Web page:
Dental Assistant: Job Duties, Employment Outlook, and Training Requirements
Explore the career requirements for dental assistants. Get the facts about training requirements, licensure, salary and job duties to determine if this is the right career for you.
What Does a Dental Assistant Do?
Dental assistants support dentists by performing both clinical and administrative duties, though the specific duties vary by the dentist's office. They help during dental procedures and take on technical work as well, such as preparing the tools and taking x-rays. In some states, they are allowed to execute certain dental procedures by themselves.
Discover the job duties, employment outlook and training requirements for working as a dental assistant.
|Training Required||On-the-job training; postsecondary dental assisting programs are available|
|Key Responsibilities||Schedule appointments; sterilize and organize equipment; prep patients for dental treatments; maintain dental records|
|Licensure/Certification||May be required for more complex tasks; certification is voluntary|
|Job Growth (2018-2028)*||11%|
|Average Annual Salary (2018)*||$39,770|
Source: *U.S. Bureau of Labor Statistics
What Job Duties Does a Dental Assistant Perform?
Dental assistants have a variety of clinical, laboratory, and administrative job duties, depending on their level of training. As a dental assistant, you'd perform such clinical tasks as seating patients in dental chairs and prepping them for the dentist, as well as assisting the dentist with patient examinations. You might also take x-rays of teeth, sterilize dental equipment and apply local anesthetics and dental dams. In the laboratory, the dental assistant may focus on cleaning removable mouth gear and making impressions of teeth. Administratively, they handle billing, order inventory, answer phones, greet patients and accept payments.
What Is the Employment Outlook?
The U.S. Bureau of Labor Statistics (BLS) predicts employment for dental assistants will increase by 11% between 2018 and 2028, which is much faster than average. The increasing amount of people with health insurance will create a higher demand for dental assistants. It was also thought that as older dentists retired and younger professionals entered the field, they'd be more willing to enlist the services of dental assistants. According to the BLS, as of 2018, dental assistants earned $39,770, on average.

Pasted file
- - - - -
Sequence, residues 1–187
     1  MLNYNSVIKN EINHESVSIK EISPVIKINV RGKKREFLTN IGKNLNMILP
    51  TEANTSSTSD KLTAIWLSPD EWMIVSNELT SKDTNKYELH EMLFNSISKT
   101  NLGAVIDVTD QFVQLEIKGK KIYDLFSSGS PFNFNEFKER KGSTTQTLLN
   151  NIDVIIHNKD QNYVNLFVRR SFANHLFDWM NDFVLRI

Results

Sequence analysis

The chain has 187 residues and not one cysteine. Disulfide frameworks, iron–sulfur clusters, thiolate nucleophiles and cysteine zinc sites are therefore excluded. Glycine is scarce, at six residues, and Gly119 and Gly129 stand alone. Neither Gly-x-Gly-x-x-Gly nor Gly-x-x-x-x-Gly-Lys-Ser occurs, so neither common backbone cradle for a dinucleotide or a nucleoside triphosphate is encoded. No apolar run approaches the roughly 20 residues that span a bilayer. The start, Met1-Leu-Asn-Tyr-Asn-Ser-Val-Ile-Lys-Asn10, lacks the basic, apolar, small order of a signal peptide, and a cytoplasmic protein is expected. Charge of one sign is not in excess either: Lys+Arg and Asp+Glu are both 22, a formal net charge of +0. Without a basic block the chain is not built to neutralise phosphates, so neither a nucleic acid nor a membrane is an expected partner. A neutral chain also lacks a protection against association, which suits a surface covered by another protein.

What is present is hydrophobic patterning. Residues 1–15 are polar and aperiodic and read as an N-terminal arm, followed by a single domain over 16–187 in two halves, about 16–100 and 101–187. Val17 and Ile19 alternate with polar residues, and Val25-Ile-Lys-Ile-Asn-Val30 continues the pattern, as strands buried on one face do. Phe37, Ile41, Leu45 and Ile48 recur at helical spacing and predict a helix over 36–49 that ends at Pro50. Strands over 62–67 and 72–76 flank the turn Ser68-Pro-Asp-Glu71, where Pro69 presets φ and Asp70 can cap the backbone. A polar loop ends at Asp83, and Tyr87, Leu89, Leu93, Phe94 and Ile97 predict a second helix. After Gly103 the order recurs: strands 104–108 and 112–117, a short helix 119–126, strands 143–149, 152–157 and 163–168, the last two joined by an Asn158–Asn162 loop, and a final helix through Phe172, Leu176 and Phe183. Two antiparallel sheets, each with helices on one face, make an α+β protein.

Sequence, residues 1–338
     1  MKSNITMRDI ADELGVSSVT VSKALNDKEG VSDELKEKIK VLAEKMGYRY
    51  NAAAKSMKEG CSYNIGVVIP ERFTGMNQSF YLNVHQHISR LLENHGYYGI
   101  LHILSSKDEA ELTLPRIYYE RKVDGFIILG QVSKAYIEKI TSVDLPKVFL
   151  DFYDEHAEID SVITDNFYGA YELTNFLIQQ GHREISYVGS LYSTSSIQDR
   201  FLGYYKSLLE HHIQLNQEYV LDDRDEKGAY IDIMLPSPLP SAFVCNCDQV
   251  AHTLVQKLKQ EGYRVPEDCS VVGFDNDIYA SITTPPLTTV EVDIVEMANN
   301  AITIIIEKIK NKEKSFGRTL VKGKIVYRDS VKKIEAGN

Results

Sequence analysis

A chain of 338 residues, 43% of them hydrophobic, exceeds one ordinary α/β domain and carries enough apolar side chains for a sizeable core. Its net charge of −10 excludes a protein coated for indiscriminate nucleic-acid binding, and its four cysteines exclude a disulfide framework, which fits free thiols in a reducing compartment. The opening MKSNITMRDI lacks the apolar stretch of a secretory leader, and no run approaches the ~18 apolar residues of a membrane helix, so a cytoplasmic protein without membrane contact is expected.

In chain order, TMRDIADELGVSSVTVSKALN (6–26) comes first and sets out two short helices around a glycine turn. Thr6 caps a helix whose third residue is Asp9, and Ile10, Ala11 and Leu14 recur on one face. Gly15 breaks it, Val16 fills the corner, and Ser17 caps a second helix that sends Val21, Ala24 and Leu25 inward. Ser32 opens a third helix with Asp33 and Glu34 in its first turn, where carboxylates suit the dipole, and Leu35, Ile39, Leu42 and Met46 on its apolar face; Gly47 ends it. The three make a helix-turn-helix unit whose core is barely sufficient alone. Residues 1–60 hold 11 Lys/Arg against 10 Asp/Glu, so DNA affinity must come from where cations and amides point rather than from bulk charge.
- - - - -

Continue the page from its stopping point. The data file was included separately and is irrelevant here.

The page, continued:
What Training Requirements Must I Complete?
To begin a career as a dental assistant, you may find opportunities to become trained on-the-job, because no formal training requirements exist. If you'd like to perform more advanced and complex dental assisting procedures, then a state license may be required, or several years of experience as a dental assistant. In a number of states, licensing requires graduation from an approved program of dental assisting.
You should select a dental assisting program that has been accredited by the Commission on Dental Accreditation (CODA), an agency of the American Dental Association (ADA). Found in junior and community colleges, these programs can be completed in 1-2 years, depending on whether they grant certificates, diplomas or associate's degrees. Associate's degree-level dental assisting programs consist of courses on dental office procedures, business, dentistry fundamentals, microcomputer applications, radiology, infection control and advanced chair-side assisting.
On-the-job training is recommended and likely, even if you choose to also undergo formal training. When you complete your educational program of study, you'll then be eligible to sit for the Dental Assisting National Board (DANB) examination. A passing score means you'd then be designated a Certified Dental Assistant (CDA).
What Are Some Related Alternative Careers?
Those looking into career advancement may consider becoming a dental hygienist, who does routine cleanings and examines patients' oral health. Dental hygienists need an associate's degree, unlike assistants. Becoming a medical assistant in a health setting is another choice and only requires a certificate. Another job with no formal training requirements is a pharmacy technician, who helps pharmacists disperse medicine.